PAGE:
The best kept secrets of the gate of the Headquarters of the Knights of Malta, in Rome
The Buco della Serratura (literally, “the lock’s keyhole”) is considered one of the “secrets of Rome.” To unveil the secret, one must go through the Giardino degli Aranci (“Garden of the Orange Trees”) and the churches of Santa Sabina and San Alessio, finally reaching the top of the hill where the Piazza dei Cavalieri di Malta, in the Aventino neighborhood next to the Circus Maximus, is found.
There, one finds the Villa del Priorato dei Cavalieri di Malta, which can only be visited a few times a year, by appointment and accompanied by a guide hired by properly authorized cultural agencies or associations. But even those who cannot enter the villa do have the opportunity to take a peek into this Roman secret. Just ask for the Buco della Serratura in the large entrance gate to the villa, and take a look through the keyhole. You’ll see way more than just a beautiful landscape. In fact, you will see three different “countries”: Italy, the Vatican State and the Sovereign Military Order of Malta.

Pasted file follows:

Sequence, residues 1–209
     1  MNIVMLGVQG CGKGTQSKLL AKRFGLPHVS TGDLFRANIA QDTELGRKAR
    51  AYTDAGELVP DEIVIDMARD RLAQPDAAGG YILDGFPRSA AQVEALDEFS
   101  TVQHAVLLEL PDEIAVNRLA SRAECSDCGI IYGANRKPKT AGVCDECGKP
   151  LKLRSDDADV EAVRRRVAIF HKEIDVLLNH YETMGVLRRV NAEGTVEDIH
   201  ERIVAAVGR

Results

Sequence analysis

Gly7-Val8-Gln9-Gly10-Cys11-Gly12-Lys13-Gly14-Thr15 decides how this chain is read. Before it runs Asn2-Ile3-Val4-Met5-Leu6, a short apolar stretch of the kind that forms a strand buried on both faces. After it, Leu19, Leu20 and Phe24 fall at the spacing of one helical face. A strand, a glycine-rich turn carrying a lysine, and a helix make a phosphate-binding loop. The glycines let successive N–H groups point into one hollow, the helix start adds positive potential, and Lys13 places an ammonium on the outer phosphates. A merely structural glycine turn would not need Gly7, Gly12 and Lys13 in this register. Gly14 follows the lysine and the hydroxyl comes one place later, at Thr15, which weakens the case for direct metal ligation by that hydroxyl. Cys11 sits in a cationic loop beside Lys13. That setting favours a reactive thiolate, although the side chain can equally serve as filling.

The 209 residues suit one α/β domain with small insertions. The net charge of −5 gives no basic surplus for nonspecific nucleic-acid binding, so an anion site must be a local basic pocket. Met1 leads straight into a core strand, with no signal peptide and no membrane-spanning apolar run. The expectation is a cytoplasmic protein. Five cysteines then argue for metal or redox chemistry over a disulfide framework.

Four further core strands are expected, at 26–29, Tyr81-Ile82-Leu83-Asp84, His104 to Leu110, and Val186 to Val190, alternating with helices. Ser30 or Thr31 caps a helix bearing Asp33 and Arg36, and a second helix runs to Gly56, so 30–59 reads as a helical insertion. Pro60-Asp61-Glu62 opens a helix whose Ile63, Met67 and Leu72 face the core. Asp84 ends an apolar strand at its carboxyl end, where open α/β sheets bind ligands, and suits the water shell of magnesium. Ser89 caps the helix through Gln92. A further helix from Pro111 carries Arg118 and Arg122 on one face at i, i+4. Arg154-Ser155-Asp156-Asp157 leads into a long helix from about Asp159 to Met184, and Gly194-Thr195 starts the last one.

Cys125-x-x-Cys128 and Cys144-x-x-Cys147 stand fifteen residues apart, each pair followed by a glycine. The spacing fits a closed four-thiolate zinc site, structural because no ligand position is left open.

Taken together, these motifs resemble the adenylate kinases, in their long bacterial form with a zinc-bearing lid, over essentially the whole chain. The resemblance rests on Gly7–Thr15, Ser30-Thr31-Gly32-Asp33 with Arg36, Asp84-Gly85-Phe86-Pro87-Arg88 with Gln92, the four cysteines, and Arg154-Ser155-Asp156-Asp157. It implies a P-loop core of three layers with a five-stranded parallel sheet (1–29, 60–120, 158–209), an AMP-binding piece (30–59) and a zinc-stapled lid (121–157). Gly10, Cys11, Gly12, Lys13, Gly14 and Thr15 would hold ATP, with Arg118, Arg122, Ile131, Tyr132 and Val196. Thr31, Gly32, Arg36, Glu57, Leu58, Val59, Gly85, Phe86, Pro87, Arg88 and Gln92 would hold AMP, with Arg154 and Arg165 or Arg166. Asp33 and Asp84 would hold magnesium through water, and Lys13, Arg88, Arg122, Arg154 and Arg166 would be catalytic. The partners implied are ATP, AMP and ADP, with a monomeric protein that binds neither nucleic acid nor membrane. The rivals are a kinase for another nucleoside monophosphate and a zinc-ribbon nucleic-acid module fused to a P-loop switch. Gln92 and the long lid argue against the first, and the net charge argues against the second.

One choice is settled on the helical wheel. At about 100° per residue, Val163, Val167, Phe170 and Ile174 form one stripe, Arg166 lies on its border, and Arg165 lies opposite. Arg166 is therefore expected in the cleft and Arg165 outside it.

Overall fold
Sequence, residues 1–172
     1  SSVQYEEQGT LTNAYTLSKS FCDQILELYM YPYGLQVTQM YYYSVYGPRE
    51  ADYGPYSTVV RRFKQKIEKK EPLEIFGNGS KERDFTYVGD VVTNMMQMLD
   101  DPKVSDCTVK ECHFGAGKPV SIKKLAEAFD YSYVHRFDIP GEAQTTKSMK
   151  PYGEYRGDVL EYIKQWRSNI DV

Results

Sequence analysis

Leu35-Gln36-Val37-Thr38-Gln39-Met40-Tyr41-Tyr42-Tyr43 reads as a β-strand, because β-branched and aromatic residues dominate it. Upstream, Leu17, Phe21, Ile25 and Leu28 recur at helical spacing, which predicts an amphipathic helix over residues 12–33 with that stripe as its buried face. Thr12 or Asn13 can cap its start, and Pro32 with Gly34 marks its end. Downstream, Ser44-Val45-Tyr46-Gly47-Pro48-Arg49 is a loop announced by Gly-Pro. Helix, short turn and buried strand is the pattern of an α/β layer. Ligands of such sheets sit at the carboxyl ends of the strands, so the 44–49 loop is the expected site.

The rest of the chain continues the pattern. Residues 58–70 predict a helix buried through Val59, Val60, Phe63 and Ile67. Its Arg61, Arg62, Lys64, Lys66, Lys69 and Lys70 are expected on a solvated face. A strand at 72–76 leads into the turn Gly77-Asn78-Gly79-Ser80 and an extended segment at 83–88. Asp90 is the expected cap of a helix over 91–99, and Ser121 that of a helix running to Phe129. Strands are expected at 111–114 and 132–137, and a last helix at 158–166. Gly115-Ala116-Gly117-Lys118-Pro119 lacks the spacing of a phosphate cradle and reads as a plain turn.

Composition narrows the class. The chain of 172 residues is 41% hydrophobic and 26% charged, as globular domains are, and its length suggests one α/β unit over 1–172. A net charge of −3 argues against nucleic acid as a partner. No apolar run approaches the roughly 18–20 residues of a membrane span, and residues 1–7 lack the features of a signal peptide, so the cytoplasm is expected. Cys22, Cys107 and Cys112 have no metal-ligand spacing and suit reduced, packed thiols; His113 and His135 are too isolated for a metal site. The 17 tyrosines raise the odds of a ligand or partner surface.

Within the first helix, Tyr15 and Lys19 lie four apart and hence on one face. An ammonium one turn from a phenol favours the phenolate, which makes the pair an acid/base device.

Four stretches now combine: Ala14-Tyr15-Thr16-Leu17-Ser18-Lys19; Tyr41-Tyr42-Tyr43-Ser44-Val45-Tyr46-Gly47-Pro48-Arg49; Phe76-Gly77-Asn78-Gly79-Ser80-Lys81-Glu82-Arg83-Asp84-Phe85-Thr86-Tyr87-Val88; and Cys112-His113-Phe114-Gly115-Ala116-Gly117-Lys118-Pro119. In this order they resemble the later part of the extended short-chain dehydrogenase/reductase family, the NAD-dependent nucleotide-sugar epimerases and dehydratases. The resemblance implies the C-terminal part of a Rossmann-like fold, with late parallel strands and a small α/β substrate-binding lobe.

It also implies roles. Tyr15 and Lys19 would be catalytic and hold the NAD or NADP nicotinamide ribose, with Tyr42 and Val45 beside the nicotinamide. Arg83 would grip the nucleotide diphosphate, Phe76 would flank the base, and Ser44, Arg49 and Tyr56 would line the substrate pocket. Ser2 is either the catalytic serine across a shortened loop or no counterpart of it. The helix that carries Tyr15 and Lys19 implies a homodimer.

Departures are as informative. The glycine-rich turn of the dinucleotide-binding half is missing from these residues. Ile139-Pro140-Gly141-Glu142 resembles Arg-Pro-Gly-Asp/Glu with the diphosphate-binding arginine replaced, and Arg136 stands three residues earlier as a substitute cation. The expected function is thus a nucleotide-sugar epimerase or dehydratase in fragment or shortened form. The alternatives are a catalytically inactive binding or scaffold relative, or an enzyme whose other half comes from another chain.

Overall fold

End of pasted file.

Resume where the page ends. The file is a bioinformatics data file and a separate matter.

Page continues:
The Order of Malta is an independent international entity whose sovereignty allows it to print its own stamps and issue its own passports, granting Maltese nationality to all its members, even though its main see is no longer in Malta but actually in this villa located within Rome. It is, in fact, a “quasi-state”: the Order of Malta is not properly a “country,” but an autonomous international organization that maintains diplomatic relations with 105 States, in which it even has embassies. For its legally recognized sovereignty, the order has representation in the UN and is affiliated with the Red Cross and other international organizations. It acts as an international humanitarian organization, founding hospitals and rehabilitation centers in various countries, mainly in Africa.
The garden you see through the keyhole is that of the Grand Priory of the Order of Malta in Rome. The site was once a Benedictine monastery (in the 10th century) and was later under the care of the Knights Templar. After the latter’s extinction in 1312, the villa was handed over to the Order of Malta.
Right behind the garden, one can see some Roman roofs in Italy and, finally, in the background, the unmistakable and majestic dome of St. Peter’s Basilica, in the Vatican State.